“To ride a bicycle is in itself some protection against superstitious fears, since the bicycle is the product of pure reason applied to motion. Geometry at the service of man! Give me two spheres and a straight line and I will show you how far I can take them. Voltaire himself might have invented the bicycle, since it contributes so much to man’s welfare and nothing at all to his bane. Beneficial to the health, it emits no harmful fumes and permits only the most decorous speeds. How can a bicycle ever be an implement of harm?”
-- Angela Carter, “The Lady of the House of Love”, 1979
Last week, the City of Boston announced an innovative partnership with the Boston Medical Center that allows doctors to “prescribe” memberships to Beantown’s “Hubway” bike share system for as little as $5 a year.
The “Prescribe-a-Bike” program, which comes with a free helmet, is designed to combat an urgent public health crisis: obesity. As noted by the Boston Globe, more than 1 in 4 low-income residents in Boston is obese—twice the rate of higher-income residents.
|My precious "Founding Member" key|
To date, New York has not made a similar commitment to ensuring that all Gothamites have access to its bike-share program, CitiBike. As DNAInfo reported, of the first 62,000 annual members, only 285 were residents of the New York City Housing Authority (less than 0.5 percent of the total), despite considerable outreach efforts by the NYC Department of Transportation. One considerable barrier continues to be cost. While Boston offers discounted memberships for $5, New York’s discounted membership still costs $60.
Despite innovative public health initiatives to curb smoking and encourage healthy eating, the Bloomberg Administration left office with New York still in the grips of an obesity epidemic.
As noted in NYC’s “Take Care Report”, published in September 2013, more than 50 percent of adults and 40 percent of children in grades K-8 are either overweight or obese. More than 5000 New Yorkers die each year from obesity-related illness. Black New Yorkers are almost three times as likely, and Hispanics twice as likely, as whites to die from diabetes. Furthermore, people living in very high poverty remains twice as likely to report not eating any fruits or vegetables on a daily basis.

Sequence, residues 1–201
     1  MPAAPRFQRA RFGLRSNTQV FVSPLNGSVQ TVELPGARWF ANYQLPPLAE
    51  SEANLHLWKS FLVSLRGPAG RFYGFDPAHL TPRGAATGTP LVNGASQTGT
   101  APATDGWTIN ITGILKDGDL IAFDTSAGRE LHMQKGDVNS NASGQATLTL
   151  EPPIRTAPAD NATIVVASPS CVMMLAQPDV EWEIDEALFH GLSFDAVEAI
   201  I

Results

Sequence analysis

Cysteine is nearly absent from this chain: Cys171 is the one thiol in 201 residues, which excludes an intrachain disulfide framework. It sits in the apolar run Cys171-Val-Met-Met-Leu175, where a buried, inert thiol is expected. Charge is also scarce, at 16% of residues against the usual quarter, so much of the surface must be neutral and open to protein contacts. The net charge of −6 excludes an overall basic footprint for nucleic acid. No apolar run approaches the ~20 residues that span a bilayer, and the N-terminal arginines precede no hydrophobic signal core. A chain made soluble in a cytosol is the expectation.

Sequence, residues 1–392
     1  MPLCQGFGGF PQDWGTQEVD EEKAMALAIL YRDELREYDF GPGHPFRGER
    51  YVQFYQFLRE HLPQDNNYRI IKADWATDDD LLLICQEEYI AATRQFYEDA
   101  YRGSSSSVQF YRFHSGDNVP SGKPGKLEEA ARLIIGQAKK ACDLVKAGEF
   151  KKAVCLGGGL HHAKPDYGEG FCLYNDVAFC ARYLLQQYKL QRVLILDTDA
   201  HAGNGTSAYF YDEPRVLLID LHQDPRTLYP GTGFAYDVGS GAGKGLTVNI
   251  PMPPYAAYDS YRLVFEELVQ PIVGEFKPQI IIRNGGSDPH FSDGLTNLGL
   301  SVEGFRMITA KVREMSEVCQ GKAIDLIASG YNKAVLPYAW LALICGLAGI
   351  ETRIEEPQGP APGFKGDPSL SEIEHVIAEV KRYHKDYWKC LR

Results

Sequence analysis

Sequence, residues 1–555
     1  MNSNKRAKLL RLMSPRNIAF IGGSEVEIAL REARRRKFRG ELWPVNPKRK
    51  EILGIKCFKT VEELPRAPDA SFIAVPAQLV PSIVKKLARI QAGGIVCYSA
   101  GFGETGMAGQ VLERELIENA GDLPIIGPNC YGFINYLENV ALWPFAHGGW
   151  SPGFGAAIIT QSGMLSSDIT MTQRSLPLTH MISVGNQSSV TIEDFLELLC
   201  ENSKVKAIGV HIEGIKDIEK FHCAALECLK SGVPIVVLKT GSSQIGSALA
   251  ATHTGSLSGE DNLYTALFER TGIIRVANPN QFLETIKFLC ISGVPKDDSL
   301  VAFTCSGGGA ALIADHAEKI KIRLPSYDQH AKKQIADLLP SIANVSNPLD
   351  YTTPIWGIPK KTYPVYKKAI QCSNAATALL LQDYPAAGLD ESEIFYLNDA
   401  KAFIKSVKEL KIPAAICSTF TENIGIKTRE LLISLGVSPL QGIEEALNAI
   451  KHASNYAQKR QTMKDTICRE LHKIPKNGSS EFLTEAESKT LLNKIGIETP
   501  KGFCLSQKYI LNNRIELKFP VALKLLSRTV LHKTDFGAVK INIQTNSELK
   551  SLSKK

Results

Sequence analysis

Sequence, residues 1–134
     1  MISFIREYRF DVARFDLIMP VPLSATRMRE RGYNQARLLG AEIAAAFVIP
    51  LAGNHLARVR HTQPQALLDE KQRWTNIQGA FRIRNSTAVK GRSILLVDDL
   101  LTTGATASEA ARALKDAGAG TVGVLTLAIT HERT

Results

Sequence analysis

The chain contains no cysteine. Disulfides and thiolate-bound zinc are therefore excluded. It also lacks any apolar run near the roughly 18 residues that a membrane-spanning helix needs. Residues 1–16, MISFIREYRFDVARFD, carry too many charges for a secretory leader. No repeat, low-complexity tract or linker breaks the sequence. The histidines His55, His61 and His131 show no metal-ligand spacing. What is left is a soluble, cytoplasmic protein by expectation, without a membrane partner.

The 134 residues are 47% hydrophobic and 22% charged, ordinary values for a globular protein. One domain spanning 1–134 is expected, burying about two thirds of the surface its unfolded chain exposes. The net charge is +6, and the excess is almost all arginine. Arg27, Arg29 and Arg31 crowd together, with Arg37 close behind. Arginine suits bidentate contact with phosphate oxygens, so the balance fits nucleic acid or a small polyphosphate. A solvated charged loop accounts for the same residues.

New York should follow Boston’s lead by viewing bike share as a core element of the City’s public health infrastructure. By working with our world-class hospitals, we too can curb obesity by “prescribing” bikes as a healthy, efficient option for commuting and recreation.
Of course, bike share isn’t just good public health policy. It’s smart public transportation, too. New Yorkers have taken over 7 million Citibike trips covering over 13 million miles since the system launched last May. By comparison, the East River Ferry—which most have seen as a smashing success—provides about 1.2 million rides annually.
Bike share is now an integrated part of mass transit infrastructure in cities across the country and around the world. It’s time we started treating them that way.
That means amending the federal tax code to permit bike share membership fees to qualify for commuter tax benefits. Today, the federal transit benefits program subsidizes parking fees—encouraging drivers to bring their automobiles and the congestion they create into the hearts of America’s cities. And yet, bike share—with all its attended positive consequences—remains outside the ambit of that critical benefit program.
In addition, cities need to work with private sector partners—as New York City has done with Billy Bey ferry company and others—to expand availability of bike share to new neighborhoods using public dollars, rather than assuming that bike share should be self-sustaining purely on the backs of its users.
Lastly, we need to do a better job of integrating bike share siting decisions into broader, regional mass transit capital programs. For instance, in New York, CitiBike must work with the MTA to plan how bike share can augment the effect of new Select Bus Service routes.
Bike share is here to stay. The question is: will we have the foresight to view its prosperity as part of a broader public health effort and an integrated public transit system? For New Yorkers, Bostonians, and others, here’s hoping the answer is yes.